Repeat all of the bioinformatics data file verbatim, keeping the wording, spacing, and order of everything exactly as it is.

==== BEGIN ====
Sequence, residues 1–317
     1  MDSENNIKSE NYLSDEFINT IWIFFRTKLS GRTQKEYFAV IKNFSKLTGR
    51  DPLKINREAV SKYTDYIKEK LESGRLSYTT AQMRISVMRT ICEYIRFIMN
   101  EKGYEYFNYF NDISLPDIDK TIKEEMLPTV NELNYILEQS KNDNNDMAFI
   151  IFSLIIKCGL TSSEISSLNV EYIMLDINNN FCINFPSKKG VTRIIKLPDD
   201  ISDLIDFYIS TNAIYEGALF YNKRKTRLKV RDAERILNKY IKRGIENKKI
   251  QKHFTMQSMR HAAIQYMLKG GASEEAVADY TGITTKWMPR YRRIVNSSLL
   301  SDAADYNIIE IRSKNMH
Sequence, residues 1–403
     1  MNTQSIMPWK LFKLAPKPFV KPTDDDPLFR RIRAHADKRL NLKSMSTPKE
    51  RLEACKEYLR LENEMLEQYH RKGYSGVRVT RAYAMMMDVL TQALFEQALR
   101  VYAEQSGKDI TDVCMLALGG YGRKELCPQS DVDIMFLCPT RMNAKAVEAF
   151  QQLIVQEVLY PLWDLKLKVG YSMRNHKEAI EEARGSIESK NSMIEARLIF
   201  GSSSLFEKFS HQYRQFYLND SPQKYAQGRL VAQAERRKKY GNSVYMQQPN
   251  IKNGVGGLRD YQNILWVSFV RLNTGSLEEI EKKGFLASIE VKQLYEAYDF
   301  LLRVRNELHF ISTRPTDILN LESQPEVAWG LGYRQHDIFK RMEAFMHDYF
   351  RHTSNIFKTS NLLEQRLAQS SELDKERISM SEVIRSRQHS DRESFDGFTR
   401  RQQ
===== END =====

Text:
Sequence, residues 1–317
     1  MDSENNIKSE NYLSDEFINT IWIFFRTKLS GRTQKEYFAV IKNFSKLTGR
    51  DPLKINREAV SKYTDYIKEK LESGRLSYTT AQMRISVMRT ICEYIRFIMN
   101  EKGYEYFNYF NDISLPDIDK TIKEEMLPTV NELNYILEQS KNDNNDMAFI
   151  IFSLIIKCGL TSSEISSLNV EYIMLDINNN FCINFPSKKG VTRIIKLPDD
   201  ISDLIDFYIS TNAIYEGALF YNKRKTRLKV RDAERILNKY IKRGIENKKI
   251  QKHFTMQSMR HAAIQYMLKG GASEEAVADY TGITTKWMPR YRRIVNSSLL
   301  SDAADYNIIE IRSKNMH
Sequence, residues 1–403
     1  MNTQSIMPWK LFKLAPKPFV KPTDDDPLFR RIRAHADKRL NLKSMSTPKE
    51  RLEACKEYLR LENEMLEQYH RKGYSGVRVT RAYAMMMDVL TQALFEQALR
   101  VYAEQSGKDI TDVCMLALGG YGRKELCPQS DVDIMFLCPT RMNAKAVEAF
   151  QQLIVQEVLY PLWDLKLKVG YSMRNHKEAI EEARGSIESK NSMIEARLIF
   201  GSSSLFEKFS HQYRQFYLND SPQKYAQGRL VAQAERRKKY GNSVYMQQPN
   251  IKNGVGGLRD YQNILWVSFV RLNTGSLEEI EKKGFLASIE VKQLYEAYDF
   301  LLRVRNELHF ISTRPTDILN LESQPEVAWG LGYRQHDIFK RMEAFMHDYF
   351  RHTSNIFKTS NLLEQRLAQS SELDKERISM SEVIRSRQHS DRESFDGFTR
   401  RQQ